His journey is filled with a strange passive-aggressive style of persecution. It is a Buddhist culture – they claim that they don’t want to kill anyone. But their faith is just as strong; they firmly believe that western culture can not thrive in the ‘swamps’ of Japan. To force a religious belief on an unwilling country is wrong, made worse by the fact that the few Japanese Christians in hiding are ignorant of true Catholicism.
At one point a Japanese official laughs at Rodriguez, explaining that the locals have no idea about the Catholic idea of the Lord. They do not know anything about Catholicism at all, their faith proving to be a warped combination of Buddhism and Christianity. These are the people that Rodriguez wants to save, but his mere presence puts local villagers at risk. The authorities have no qualms about torturing Rodriguez in this sense, persecuting the villagers who refuse to apostatise, and their refusal to do this is again mostly due to Rodriguez’s presence alone.
Technically, the cinematography is flawless. Whether it is the amazing natural landscapes, or the purposeful movement of a camera from the perspective of a trapped prisoner, nothing feels forced. The film looks impeccable without trying. In terms of brutality, the film is restrained, causing the very few confronting scenes to have a heightened impact. There is also a very muted soundtrack, often eastern influenced to appropriately accompany the Buddhist religion of Japan in this era.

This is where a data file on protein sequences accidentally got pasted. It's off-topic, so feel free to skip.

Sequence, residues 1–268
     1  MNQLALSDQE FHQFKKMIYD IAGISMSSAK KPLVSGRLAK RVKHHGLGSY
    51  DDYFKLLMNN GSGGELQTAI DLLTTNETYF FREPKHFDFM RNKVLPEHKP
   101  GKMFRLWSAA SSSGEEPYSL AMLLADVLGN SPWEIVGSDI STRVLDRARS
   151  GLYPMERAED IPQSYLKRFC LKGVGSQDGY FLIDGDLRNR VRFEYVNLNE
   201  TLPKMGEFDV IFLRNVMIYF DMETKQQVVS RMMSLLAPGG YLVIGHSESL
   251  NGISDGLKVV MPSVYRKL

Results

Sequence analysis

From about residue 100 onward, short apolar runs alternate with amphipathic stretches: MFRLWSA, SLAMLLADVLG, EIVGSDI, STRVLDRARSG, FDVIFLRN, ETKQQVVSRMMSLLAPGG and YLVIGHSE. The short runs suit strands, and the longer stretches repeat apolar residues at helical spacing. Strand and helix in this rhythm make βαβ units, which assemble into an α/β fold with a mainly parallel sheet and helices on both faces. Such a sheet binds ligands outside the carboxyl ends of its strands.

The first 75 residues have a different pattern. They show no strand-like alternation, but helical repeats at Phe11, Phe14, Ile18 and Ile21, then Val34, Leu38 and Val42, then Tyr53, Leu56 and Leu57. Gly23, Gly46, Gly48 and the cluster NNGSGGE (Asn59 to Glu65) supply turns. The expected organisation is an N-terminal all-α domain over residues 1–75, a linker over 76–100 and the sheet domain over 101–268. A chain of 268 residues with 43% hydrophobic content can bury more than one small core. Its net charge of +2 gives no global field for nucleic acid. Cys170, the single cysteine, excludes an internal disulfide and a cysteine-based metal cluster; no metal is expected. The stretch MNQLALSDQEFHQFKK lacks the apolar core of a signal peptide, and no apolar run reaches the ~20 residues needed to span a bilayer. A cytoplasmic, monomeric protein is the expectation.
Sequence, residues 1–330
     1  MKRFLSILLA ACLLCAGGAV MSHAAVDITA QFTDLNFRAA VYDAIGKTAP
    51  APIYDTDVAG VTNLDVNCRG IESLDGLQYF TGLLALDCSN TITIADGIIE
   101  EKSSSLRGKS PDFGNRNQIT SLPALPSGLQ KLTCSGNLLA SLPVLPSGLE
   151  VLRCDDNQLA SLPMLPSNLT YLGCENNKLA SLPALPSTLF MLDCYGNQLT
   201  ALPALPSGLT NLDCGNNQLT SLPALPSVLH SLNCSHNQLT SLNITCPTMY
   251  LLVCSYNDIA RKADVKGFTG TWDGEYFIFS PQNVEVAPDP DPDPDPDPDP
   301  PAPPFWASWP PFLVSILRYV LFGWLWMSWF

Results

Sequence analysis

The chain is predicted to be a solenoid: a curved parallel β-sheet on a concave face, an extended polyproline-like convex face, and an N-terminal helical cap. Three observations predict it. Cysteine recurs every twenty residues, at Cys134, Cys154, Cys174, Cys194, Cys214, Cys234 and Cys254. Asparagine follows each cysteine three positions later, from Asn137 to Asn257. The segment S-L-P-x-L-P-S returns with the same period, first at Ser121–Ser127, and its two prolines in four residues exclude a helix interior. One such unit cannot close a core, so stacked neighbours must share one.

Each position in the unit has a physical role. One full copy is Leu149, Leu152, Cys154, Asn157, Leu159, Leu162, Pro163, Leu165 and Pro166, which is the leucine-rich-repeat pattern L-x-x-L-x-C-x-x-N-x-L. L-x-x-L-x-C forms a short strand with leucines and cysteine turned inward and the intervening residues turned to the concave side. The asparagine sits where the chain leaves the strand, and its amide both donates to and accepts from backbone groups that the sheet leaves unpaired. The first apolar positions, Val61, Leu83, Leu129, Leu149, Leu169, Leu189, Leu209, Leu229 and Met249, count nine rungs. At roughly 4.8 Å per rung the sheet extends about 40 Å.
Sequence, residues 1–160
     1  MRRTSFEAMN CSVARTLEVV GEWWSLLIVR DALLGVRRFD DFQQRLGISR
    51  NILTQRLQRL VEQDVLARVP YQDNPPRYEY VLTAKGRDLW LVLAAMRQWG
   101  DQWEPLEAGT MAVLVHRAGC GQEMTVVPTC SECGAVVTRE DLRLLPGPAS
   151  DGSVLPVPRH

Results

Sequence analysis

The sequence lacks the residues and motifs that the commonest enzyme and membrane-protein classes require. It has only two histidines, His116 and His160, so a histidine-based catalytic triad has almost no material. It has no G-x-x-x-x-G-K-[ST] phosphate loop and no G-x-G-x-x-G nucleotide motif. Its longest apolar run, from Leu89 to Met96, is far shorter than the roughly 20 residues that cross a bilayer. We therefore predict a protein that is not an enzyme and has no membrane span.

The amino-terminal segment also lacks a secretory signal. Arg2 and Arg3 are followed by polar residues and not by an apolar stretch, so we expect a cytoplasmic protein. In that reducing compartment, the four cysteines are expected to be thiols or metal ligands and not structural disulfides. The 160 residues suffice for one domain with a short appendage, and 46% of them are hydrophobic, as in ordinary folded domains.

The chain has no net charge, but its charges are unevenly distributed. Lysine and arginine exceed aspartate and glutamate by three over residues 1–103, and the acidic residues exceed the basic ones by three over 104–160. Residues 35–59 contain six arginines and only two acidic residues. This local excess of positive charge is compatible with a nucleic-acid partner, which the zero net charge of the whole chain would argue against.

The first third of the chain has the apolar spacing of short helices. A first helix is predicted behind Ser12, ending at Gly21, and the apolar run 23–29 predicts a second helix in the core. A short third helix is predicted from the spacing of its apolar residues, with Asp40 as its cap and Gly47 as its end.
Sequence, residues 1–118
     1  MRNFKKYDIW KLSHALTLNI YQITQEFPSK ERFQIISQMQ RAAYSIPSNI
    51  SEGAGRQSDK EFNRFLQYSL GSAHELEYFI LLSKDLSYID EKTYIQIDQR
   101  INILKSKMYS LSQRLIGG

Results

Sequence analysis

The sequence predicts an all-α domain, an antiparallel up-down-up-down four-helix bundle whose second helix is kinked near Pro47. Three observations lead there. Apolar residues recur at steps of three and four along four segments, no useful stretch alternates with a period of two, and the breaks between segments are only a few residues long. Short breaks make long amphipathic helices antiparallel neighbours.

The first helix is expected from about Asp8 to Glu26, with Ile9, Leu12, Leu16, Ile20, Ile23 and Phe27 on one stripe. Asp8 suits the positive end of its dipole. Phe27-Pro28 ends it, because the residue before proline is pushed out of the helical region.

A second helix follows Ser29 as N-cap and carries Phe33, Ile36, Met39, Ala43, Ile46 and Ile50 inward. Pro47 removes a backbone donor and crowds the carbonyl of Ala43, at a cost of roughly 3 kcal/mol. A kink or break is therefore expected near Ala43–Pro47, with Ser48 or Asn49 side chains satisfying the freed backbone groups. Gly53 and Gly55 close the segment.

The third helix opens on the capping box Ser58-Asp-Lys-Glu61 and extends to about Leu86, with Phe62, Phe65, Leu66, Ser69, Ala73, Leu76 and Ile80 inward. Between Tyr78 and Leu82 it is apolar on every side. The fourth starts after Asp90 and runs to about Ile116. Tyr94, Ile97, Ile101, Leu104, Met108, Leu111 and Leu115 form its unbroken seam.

Every word is meaningful; despite the length of the film, no line is wasted. The use of smoke is also powerful, as at times it acts as a visual metaphor for the anxious nature of the villagers; hindering the visibility of approaching potential enemies. The acting is so powerful that we hang on every word or action. Garfield is simply incredible, fighting to maintain his faith while his Lord remains silent.
Scorsese has finally brought this novel to life, and it perhaps is his finest work to date. His direction is flawless, and the performances of the many Japanese actors must be noted. Scorsese loves Japanese film, and this is evident in his casting of the indigenous population, and his incredible knowledge of Japanese history. Nothing feels out of place; even the wavering Portuguese accents of Driver and Garfield have little negative effect as the acting from all involved is powerful. The final act will surprise, and can be looked at from multiple perspectives. The film ends with a memorable and poignant shot, just to add another layer onto this epic experience. Some questions are answered, but perhaps just as many questions are posed. A perfect ending to a perfect film.
A full sixer, and perhaps Scorsese’s best yet.